The equatorial calms and trade-winds accounted for on physical principles, it was admitted that the winds of high latitudes, proverbially uncertain as they are, depend in like manner on physical causes.
With these palpable movements there are others of a less obvious kind. Through the air, and by reason of motions in it, sounds are transmitted to us.
The Alexandrian mathematicians made sound a favourite study. Modern acoustics arose from the recognition that there is nothing issuing from the sounding of sounds ; body, but that its parts are vibrating and their velocity. affecting the medium between it and the ear. Not only
by the air-pump, but also by observations in the rare atmosphere of the upper regions, it was shown that the intensity of sound depends upon the density. On the top of a mountain the report of a pistol is no louder than that of a cracker in the valley. As to the gradual propagation of sounds, it was impossible to observe fire-arms discharged at a distance without noticing that the flash appears longer before the report in proportion as the distance is greater. The Florentine academicians attempted a determination of the velocity, and found it to be 1148 feet in a second. More accurate and recent experiments made it 1089.42 feet at the freezing-point of water ; but the velocity, though independent of the density, increases with the temperature at the rate of 1.14 foot for each degree. For other media the rate is different; for water, about 4687 feet in a seco
econd, and in cast iron about 103 times greater than in air. All sounds, irrespective of their note or intensity, move at the same velocity, the medium itself being motionless in the mass. No sound can pass through
The sudden aerial condensation attending the propagation of a sound gives rise to a momentary evolution of heat, which increases the elasticity of the air, and hence the velocity is higher than 916 feet in a second, otherwise the theoretical rate.
Turning from soniferous media to sounding bodies, it Acoustic phe- was shown that the difference between acute
and grave sounds depends on the frequency of vibration. The ear can not perceive a and originating in less than thirty-two vibrations in a second, nor one of more than 24,000. The actual number of vibrations in a given note was counted by means of revolving wheels and other contrivances. I have not space to relate the investigation of many other acoustic facts, the reference of sounds to phases of condensation, and rarefaction in the elastic medium taking place in a normal direction; the affections of note, intensity, quality; the passage in curred lines and around obstacles; the production of sympathetic sounds ; nodal points; the effect of reeds; the phenomena of pipes and Autes, and other wind instruments; the various vibrations of solids, as bells; or of membranes, as drums; visible acoustic lines; the reflexion of undulations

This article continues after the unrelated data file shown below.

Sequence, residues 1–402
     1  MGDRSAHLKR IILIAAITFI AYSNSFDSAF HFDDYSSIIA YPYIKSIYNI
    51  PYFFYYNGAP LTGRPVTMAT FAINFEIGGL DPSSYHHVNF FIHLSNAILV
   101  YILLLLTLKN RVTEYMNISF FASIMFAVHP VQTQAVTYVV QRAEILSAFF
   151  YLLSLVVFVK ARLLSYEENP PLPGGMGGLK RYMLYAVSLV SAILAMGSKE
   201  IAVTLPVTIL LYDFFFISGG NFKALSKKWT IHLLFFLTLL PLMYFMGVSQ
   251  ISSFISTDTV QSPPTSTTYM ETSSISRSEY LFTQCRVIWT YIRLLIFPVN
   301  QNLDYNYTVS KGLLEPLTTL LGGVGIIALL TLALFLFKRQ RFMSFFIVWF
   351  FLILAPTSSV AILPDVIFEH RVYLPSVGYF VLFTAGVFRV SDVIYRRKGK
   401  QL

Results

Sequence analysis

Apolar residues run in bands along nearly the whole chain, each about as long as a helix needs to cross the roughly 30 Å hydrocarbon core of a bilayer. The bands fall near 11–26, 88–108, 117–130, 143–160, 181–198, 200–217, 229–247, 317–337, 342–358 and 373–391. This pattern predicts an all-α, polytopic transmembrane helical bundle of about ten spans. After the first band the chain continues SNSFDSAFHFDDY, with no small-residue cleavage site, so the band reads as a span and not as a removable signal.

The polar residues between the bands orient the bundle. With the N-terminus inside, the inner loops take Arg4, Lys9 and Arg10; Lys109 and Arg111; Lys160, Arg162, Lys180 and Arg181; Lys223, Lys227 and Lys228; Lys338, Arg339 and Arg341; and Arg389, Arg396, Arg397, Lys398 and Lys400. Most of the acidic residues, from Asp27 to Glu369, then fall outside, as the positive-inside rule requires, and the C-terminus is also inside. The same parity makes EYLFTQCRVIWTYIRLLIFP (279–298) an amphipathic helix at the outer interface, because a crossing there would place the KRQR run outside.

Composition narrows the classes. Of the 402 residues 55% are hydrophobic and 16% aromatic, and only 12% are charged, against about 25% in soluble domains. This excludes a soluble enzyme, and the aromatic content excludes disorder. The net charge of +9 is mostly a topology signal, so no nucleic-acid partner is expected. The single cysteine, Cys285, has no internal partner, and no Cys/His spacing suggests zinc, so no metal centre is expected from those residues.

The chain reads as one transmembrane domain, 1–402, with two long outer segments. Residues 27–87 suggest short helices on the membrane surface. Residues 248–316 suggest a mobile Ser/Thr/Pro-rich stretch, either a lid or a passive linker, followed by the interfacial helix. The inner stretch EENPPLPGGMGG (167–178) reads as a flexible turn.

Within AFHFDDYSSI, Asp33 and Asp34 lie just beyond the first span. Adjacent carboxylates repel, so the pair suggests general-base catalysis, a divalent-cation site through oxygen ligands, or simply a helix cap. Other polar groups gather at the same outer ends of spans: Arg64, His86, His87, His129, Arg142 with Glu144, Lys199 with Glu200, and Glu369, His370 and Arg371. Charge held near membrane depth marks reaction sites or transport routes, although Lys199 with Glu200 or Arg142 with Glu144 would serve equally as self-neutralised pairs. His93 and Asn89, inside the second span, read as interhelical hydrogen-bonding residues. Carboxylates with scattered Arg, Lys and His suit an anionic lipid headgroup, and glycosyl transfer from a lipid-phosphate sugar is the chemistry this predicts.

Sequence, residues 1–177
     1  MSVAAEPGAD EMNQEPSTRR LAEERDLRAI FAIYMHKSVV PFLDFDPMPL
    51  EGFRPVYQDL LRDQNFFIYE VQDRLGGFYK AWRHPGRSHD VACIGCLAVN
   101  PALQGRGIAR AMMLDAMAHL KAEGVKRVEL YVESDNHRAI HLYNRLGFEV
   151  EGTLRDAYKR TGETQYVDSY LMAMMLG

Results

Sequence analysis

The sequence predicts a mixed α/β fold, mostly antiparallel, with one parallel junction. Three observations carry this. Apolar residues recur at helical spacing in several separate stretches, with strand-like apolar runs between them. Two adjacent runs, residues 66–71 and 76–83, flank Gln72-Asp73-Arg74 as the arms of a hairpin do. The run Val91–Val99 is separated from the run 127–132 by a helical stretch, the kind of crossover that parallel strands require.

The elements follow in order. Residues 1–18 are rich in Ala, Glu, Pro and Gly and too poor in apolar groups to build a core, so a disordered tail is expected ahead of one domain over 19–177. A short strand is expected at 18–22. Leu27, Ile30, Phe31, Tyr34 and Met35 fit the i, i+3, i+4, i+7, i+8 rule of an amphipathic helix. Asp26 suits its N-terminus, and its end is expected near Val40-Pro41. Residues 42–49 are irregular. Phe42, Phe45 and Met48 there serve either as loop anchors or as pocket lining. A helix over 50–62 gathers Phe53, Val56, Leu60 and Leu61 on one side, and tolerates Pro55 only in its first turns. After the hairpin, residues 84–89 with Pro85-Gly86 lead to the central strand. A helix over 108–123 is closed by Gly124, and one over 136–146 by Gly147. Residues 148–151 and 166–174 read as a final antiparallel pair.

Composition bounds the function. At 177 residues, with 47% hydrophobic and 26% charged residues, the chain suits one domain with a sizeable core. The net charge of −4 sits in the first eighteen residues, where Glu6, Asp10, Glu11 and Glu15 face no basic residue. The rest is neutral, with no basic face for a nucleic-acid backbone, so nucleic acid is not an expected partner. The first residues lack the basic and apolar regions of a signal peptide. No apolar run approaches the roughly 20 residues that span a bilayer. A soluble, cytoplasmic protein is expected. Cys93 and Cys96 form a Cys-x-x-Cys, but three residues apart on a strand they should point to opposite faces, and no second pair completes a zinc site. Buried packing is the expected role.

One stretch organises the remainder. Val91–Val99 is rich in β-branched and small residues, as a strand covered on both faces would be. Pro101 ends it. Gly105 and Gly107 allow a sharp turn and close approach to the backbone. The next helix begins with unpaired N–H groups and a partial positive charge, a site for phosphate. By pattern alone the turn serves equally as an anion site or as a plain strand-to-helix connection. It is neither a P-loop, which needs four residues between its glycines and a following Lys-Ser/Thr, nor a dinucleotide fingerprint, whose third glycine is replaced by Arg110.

by surfaces of various forms; their interferences, so that, no matter how intense they may be individually, they can be caused to produce silence ; nor of whispering galleries, echoes, the nature of articulate sounds, the physiology of the vocal and auditory organs of man, and the construction of speaking machines.
Like the air, the ocean, which covers three-fourths of the earth's surface, when reduced to a proper The ocean; standard of measure, loses very much of its its size. imposing aspect. The varnish that covers a twelve-inch globe represents its relative dimension not inadequately.
On the theory of gravitation, the tides of the ocean were explained as depending on the attractive Tides and force of the sun and moon. Its currents, in general manner, are analogous to those of the air. They originate in the disturbing action of solar heat, the temperature of the sea varying from 85° in the torrid zone to the freezing-point as the poles are approached. Its specific gravity at the equator is estimated at 1.028; but this density necessarily varies with the rate at which superficial evaporation takes place; the pure vapour rising, leaves a more concentrated salt solution. The effect is therefore, in some degree, to counteract the expansion of the water by warmth, for the sun-rays, being able to penetrate several feet below the surface, correspondingly raise the temperature of that portion, which expands and becomes lighter; but, simultaneously, surface evaporation tends to make the water heavier. Notwithstanding this, currents are established through the preponderance of the dilatation, and of them the Gulf Stream is to us the most striking example.
The physical action of the sun-rays in occasioning currents operates through the expansion of water, of which warm portions ascend to the ocean surface, colder portions from beneath setting in to supply their place. These currents, both hot and cold, are affected by the diurnal rotation of the earth, the action being essentially the same as that for the winds. They exert so great an influence as conveyers of heat that they disturb the ordinary climate relation depending on the sun's position. In this way the Gulf Streain, a river of